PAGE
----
International Truck launched the International HX Series, a new line of Class 8 premium vocational trucks designed for the severe service industry, at the recent World of Concrete trade show in Las Vegas. The new truck series replaces the PayStar model and is the first all-new vehicle introduced by International since 2010.
The first trucks will be delivered this spring.
“The launch of the HX Series is an opportunity for International to recapture a leading position in the vocational market—a segment we previously led,” Troy Clarke, President and CEO, Navistar, Inc., said at the vehicle’s unveiling. “The launch of the HX Series underscores our commitment to innovation, our dedication to uptime, and our position as a leader within the industry.”
The truck was in development for 18 months, according to a company spokeswoman. Though International never completely exited the construction/concrete market, the last refresh of this product was in 1999, she noted.
“It’s been a few years since we were able to say that we had a product that could not only compete but win in the severe service market,” added Jeff Sass, Senior Vice President of North American Sales for Navistar, Inc. “This product line will now give International Truck the most comprehensive severe service lineup in the industry.”
Four HX Series models will be offered, with both set-forward and set-back front axle models in either short or long hood, depending on the application. Three models were unveiled at World of Concrete—the HX515, HX615, and HX620.
The HX515 is a 115-in BBC (bumper to back of cab) set-forward axle straight truck powered by the Navistar N13 13-L engine. Its primary vocations include concrete mixer, construction dump, refuse/roll-off, and crane. Also 115-in BBC and N13-powered, the HX615 is a set-back axle truck or tractor for construction dump, concrete mixer, platform stake/crane, and refuse/roll-off vocations. Offering the Cummins ISX15 engine, the HX620 is a 120-in BBC set-back axle truck or tractor primarily for heavy haul tractor, construction dump, and platform stake/crane applications.
The fourth model, the HX520, is a 120-in BBC set-forward axle truck or tractor powered by the 15-L Cummins engine. Primary vocations include heavy haul tractor, construction dump, and platform stake/crane. It will be unveiled at Truck World in Toronto in April.
According to Denny Mooney, Senior Vice President, Global Product Development, Navistar, Inc., four key principles guided the new truck’s engineering and design: maximum strength and durability, driver productivity, bold styling, and “perhaps most importantly, uptime.”
“The HX Series combines aggressive styling, unstoppable capability, and driver-centric features to appeal to vocational truck owners in a whole new way,” said Mooney. “All you need to do is get behind the wheel of this truck and you will see that this is a major step forward in design, all with the driver in mind.”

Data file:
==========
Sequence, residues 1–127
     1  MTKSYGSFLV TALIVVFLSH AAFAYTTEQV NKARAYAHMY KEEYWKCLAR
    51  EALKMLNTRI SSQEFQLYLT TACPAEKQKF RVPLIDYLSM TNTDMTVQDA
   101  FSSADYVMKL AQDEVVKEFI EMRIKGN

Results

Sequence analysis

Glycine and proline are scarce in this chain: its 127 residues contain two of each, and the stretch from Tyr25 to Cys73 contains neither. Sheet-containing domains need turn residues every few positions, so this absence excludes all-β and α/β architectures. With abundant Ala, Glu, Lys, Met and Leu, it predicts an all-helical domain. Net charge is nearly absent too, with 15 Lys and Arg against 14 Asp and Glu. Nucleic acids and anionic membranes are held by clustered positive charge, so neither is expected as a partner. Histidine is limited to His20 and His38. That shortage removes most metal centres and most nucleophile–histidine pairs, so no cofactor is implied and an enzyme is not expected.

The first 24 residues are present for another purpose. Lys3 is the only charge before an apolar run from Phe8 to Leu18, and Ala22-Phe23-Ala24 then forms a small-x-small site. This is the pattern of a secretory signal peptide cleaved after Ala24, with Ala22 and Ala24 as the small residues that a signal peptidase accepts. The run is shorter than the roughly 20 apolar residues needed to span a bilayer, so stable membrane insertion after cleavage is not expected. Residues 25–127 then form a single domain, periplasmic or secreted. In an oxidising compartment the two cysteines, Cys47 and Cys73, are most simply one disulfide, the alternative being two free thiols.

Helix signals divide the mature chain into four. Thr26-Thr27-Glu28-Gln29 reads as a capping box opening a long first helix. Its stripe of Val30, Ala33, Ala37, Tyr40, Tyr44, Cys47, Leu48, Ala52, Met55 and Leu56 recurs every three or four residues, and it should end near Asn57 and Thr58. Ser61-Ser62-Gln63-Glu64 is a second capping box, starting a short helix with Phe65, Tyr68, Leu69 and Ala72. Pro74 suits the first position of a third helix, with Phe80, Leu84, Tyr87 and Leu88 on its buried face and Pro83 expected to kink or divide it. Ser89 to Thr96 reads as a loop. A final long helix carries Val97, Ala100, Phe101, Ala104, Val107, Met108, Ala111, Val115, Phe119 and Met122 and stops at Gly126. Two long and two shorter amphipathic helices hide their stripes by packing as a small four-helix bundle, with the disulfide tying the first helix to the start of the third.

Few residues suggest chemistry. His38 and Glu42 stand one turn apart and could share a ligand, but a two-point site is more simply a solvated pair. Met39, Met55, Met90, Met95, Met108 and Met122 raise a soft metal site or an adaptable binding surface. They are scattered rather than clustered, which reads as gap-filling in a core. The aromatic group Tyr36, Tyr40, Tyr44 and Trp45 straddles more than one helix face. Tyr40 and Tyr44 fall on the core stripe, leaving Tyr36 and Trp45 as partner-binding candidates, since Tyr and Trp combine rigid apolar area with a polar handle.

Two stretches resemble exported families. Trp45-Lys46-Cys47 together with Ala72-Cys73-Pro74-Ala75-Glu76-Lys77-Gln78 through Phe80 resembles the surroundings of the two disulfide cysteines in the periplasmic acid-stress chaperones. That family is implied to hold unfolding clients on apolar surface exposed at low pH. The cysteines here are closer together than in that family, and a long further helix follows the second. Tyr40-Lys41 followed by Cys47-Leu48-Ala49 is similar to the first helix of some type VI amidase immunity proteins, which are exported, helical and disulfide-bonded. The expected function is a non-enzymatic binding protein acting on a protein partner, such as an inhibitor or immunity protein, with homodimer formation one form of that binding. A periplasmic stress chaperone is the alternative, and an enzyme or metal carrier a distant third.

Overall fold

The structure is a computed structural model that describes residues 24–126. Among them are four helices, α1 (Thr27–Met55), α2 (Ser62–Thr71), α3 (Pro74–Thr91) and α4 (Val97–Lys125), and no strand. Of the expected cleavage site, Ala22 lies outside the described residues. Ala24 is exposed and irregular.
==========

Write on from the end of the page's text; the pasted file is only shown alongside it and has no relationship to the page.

Each model has a huck-bolted frame and cross members for enhanced clamping force to minimize vibration and maximize structural integrity. The trucks offer an available “industry-leading” 12.5- x 0.5-in single rail that delivers 3.5 million RBM (resistance to bending moment) at 13% less weight than a 10-in rail, allowing for a heavier load.
Lightweight but strong materials are used extensively, including what International claims is the industry's only dedicated vocational aluminum cab. The three-piece Metton hood is said to be stronger and lighter than fiberglass and designed to resist cracking. Doors feature stainless steel piano hinges, and the “industry's strongest” tow pin is rated at 150,000 lb.
The HX Series is equipped with the new DriverFirst Cab Air Suspension, designed with 52-in springs to produce a comfortable and quiet ride. A 40° wheel cut on both right and left turns allows for improved maneuverability, and angled fenders provide greater wheel clearance on rough terrain.
For better driver visibility, vehicle developers incorporated a low-angle hood and larger rear window compared to International's prior model. The interior was designed to be roomier and more ergonomic. For example, the contoured door handles add hip room and storage space, and the central console is angled for easier-to-reach controls. Standard features include LED lighting throughout, air conditioning, power windows, and power locks.
At the Navistar Proving Grounds in Indiana, the HX Series was subjected to accelerated life testing, which simulates 10 years of wear and tear and vibration in extreme duty cycles. Vehicles underwent staggered bumps testing, which generates torsional twist in the chassis, to ensure suspension components were stabilized and equalized. Each model was also subjected to severe-duty ditch events, for which a fully loaded vehicle ran through four 12-in-deep ditches.